At the start of the year we met Ash Soni (Joint Lead for the NHS's Future Forum) who proposed the Make Every Contact Count (MECC) policy accepted by government. A group of accredited trainers including myself have since been recruited by the Department of Health to deliver training to NHS staff who will implement this policy.
Training the Trainer to deliver MECC
We train managers and service leads to support their staff to deliver brief advice in relation to diet, physical activity, alcohol and tobacco control. Most people working in health and public health are aware of the 3 A model for enabling individuals to quit smoking - Ask, Advise and Act. Brief advice encompasses this and also provides an opportunity to record (e.g. smoking status and other lifestyle risk factors) and refer. A similar model is applied to each of the other lifestyle areas with a focus on providing consistent advice in relation to healthy eating, physical activity, smoking cessation, alcohol intake, mental health and weight management.
Concerns about MECC
Initial response to the policy was not entirely positive as describe in this Guardian article. However, the training content addresses the challenges and issues raised by the Royal College of GPs, Royal College of Nurses and Patients Association. For example, we consider the multiple factors contributing towards lifestyle choice and health risk including poverty, poor access to support services, social and cultural influences etc. We also address staff concerns; What if a patient says 'it's none of your business?' What if staff are overweight or smokers themselves?
The training aims to ensure 'raising the issue' occurs in a non-judgmental manner. Staff are expected not to project personal opinions in relation to lifestyle.Training lasts for a full day and participants are given the opportunity to practice delivering brief advice. Sarah Banfield, the MECC support officer at NHS Bedfordshire and Luton where the first 'training the trainer' session took place said:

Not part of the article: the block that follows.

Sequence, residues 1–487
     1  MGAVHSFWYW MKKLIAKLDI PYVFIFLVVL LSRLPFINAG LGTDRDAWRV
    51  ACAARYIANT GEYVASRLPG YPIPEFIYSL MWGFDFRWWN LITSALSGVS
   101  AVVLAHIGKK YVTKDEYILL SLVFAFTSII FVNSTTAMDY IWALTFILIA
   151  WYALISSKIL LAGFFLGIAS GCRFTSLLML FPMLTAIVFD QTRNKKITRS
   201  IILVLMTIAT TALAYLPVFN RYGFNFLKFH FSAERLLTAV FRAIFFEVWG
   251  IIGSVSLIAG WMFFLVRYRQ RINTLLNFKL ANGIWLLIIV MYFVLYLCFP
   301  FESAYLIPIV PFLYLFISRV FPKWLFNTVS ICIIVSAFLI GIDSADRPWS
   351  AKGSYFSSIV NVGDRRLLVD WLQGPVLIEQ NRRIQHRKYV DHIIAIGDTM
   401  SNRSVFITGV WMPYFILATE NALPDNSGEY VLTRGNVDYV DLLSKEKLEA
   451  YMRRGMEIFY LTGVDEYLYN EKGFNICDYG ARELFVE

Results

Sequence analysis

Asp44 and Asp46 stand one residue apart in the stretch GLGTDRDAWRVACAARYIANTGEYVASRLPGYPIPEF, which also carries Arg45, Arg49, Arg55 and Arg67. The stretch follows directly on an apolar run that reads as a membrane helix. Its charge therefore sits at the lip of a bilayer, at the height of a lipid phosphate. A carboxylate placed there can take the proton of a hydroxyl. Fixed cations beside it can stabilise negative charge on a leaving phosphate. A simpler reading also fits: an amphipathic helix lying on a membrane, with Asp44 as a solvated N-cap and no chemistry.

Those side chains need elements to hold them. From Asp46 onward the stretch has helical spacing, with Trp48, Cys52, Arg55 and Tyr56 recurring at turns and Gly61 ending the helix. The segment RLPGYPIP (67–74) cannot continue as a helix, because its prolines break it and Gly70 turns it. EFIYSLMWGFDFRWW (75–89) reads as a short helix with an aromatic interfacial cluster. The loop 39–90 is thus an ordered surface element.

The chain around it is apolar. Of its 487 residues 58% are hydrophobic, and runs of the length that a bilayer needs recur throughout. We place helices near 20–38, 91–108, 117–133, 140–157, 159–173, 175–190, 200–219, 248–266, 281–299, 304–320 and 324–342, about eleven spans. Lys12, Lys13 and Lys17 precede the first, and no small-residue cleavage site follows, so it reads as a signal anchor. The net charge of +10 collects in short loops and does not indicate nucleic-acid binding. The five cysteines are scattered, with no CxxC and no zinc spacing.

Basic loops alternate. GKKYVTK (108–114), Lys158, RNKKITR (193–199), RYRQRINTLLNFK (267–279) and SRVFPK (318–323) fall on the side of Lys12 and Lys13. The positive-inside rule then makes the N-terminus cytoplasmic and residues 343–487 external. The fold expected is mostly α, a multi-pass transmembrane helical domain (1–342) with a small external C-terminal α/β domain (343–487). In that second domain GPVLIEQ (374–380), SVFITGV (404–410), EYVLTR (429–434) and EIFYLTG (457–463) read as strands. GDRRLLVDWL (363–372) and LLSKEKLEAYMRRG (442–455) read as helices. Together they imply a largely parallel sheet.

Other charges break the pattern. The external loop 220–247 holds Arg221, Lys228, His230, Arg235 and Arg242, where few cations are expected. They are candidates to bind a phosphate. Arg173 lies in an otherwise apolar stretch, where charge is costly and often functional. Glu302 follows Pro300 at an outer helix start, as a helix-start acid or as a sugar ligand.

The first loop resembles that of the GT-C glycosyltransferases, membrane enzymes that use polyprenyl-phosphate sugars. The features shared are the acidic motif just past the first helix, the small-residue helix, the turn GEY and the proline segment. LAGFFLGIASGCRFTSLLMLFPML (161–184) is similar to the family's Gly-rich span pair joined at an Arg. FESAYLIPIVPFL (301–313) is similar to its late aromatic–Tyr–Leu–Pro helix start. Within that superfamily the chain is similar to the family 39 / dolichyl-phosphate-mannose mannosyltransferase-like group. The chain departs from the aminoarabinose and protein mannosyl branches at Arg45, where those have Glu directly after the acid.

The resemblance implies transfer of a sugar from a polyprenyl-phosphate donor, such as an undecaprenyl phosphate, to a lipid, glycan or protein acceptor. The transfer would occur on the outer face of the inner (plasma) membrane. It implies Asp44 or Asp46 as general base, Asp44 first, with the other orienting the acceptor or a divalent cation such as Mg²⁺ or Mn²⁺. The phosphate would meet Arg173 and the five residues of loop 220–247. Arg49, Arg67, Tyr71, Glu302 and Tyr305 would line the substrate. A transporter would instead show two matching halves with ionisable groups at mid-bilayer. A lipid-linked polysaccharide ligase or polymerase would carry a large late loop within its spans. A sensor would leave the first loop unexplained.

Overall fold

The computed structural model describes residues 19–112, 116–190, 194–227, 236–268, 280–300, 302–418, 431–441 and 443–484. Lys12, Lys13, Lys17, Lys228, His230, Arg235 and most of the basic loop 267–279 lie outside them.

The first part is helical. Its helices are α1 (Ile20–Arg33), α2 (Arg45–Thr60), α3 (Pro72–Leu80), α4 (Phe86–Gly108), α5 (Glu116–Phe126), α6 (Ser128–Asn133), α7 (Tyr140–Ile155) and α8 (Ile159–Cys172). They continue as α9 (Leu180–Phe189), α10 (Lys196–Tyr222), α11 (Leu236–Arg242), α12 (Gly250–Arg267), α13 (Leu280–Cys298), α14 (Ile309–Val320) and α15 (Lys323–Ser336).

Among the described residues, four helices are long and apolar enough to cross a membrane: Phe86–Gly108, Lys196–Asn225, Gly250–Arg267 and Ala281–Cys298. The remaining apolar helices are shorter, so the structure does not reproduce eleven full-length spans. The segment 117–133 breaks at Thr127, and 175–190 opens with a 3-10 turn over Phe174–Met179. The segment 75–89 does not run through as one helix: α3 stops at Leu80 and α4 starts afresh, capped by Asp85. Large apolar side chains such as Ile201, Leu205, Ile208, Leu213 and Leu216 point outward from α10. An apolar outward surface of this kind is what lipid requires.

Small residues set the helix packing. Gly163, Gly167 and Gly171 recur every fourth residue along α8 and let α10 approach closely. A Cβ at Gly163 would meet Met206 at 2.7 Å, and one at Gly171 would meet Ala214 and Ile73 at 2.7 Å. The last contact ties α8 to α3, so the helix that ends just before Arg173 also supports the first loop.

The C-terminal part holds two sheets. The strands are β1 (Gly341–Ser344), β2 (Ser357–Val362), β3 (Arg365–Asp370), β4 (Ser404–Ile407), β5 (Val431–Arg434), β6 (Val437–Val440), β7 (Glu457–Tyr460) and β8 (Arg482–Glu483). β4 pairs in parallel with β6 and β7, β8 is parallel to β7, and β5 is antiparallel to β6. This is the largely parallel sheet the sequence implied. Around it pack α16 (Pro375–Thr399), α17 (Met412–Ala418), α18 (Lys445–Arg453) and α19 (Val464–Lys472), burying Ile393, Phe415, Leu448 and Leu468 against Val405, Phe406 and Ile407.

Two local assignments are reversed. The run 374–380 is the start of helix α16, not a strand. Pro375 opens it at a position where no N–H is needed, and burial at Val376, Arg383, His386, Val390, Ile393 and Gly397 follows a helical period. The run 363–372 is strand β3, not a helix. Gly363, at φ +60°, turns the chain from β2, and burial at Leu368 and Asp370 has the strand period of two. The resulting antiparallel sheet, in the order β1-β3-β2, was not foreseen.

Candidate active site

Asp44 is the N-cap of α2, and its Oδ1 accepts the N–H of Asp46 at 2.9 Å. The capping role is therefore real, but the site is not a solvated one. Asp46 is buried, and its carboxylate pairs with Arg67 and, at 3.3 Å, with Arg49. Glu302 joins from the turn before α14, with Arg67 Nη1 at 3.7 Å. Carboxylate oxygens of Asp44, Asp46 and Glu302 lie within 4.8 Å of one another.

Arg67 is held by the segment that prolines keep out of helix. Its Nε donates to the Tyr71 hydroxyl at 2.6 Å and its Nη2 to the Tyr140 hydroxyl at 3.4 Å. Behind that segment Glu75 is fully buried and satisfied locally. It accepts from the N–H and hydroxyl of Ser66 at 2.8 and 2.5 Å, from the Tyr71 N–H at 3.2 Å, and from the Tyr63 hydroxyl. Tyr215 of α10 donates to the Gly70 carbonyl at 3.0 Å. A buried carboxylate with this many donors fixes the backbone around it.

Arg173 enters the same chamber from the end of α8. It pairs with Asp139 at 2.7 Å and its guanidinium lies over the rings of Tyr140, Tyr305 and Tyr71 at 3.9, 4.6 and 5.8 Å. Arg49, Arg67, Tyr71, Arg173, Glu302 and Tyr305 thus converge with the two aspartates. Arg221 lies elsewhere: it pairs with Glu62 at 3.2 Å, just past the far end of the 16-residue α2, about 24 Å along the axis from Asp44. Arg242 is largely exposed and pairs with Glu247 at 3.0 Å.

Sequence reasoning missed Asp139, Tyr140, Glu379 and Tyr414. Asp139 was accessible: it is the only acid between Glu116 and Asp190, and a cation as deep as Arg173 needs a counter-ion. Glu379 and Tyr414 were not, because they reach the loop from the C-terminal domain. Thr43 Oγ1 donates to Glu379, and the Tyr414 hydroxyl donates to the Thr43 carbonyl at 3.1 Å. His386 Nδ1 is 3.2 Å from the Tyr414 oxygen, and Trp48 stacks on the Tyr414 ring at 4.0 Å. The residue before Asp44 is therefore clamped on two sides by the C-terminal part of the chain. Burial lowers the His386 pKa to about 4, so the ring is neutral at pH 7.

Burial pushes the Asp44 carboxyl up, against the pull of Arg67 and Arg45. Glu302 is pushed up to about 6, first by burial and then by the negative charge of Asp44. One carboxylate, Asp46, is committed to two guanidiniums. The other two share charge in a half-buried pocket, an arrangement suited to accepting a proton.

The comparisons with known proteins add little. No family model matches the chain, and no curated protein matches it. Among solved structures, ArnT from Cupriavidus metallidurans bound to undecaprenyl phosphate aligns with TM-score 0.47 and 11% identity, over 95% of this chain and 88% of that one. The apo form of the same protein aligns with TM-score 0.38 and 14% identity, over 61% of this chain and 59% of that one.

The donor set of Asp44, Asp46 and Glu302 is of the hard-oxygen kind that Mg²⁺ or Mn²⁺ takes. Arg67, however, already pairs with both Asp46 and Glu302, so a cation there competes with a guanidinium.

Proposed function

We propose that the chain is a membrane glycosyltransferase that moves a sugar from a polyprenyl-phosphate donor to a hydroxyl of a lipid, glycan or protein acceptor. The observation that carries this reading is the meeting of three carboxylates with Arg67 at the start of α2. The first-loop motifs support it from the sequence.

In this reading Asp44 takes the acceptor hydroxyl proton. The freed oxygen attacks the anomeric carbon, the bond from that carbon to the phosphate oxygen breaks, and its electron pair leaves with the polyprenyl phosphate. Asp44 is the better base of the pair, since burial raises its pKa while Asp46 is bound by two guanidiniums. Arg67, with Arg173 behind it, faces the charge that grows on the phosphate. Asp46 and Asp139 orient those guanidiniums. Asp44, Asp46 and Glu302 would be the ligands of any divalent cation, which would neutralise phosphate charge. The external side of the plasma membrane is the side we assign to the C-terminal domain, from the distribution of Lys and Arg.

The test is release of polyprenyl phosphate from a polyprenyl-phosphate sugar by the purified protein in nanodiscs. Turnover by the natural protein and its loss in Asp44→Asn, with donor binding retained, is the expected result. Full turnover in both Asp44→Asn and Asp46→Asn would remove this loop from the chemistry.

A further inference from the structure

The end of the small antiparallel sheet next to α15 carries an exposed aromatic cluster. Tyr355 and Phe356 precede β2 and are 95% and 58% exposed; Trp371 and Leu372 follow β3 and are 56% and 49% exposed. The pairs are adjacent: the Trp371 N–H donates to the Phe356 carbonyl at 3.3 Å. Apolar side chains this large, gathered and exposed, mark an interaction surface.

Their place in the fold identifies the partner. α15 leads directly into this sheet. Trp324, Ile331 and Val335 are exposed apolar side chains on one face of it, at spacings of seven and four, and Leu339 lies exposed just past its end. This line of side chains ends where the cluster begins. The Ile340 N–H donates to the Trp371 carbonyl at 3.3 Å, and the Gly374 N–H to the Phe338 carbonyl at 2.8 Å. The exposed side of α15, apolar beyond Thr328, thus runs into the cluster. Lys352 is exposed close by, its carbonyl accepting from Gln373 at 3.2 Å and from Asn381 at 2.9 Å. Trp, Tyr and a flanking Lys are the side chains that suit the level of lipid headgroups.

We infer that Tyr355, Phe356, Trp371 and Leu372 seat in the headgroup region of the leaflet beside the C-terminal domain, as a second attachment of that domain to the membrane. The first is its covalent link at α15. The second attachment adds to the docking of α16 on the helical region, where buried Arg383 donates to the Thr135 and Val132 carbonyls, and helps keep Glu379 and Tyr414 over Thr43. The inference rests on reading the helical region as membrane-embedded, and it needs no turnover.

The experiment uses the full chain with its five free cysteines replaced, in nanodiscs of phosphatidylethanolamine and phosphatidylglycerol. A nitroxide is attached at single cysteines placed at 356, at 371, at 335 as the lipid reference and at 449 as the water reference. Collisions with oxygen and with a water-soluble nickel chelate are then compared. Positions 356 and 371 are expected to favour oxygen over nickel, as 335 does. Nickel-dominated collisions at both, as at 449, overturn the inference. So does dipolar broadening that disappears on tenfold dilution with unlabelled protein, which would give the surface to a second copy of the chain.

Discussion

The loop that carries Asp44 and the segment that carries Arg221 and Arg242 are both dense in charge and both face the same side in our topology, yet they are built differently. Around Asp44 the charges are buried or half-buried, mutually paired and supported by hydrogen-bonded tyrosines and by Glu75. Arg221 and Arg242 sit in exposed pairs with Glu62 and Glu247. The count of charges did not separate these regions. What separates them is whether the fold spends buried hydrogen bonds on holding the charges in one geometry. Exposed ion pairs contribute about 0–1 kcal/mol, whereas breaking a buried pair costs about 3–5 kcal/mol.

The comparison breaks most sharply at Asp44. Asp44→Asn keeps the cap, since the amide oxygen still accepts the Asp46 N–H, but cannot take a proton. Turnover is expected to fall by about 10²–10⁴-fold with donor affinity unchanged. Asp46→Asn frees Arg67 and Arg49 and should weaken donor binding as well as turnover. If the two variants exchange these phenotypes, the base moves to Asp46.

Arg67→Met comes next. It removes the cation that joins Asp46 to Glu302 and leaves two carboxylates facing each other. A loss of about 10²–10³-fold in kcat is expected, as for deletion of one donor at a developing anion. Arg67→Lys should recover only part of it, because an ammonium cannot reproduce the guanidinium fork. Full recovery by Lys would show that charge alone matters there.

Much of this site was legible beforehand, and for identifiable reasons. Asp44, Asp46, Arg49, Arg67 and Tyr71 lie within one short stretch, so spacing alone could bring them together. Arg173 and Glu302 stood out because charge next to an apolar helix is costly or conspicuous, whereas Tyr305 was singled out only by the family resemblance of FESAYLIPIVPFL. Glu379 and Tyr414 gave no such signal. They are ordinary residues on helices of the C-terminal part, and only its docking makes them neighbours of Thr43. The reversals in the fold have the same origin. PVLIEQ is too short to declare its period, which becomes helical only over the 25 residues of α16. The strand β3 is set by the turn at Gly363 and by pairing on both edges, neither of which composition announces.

It is the practice of these techniques which builds confidence in delivery. We want participants to take the plunge and deliver brief advice immediately following the training.
Supporting Patients to Improve Health and Wellbeing
The generic MECC training developed by Department of Health (East Midlands) is adapted by an implementation lead to include information about local lifestyle services. In the case of NHS Bedfordshire and Luton, Sarah was appointed to drive delivery of MECC across health, social care and partner organisations. She works for Craig Lister (Public Health Manager for Healthy Weight) and Raj Gangotra (Programme Manager for Training, Capacity and Long Term Conditions). The team recruited trainees by advertising internally and through provider and partner organisations. On the training day itself, attendees from a range of backgrounds and workplaces were able to network and share valuable information about the services they deliver. Sarah commented:
Locally we hope that the programme will promote healthier lifestyles to staff across health and social care through the contacts they have with service users. Ultimately, we want members of the public to know there is help available locally to lead a healthier lifestyle and to provide information on how to access services. This increased awareness results in people living longer, healthier lives which should impact positively on quality of life and help address health inequalities. This makes both economic sense and sense in terms of social responsibility.
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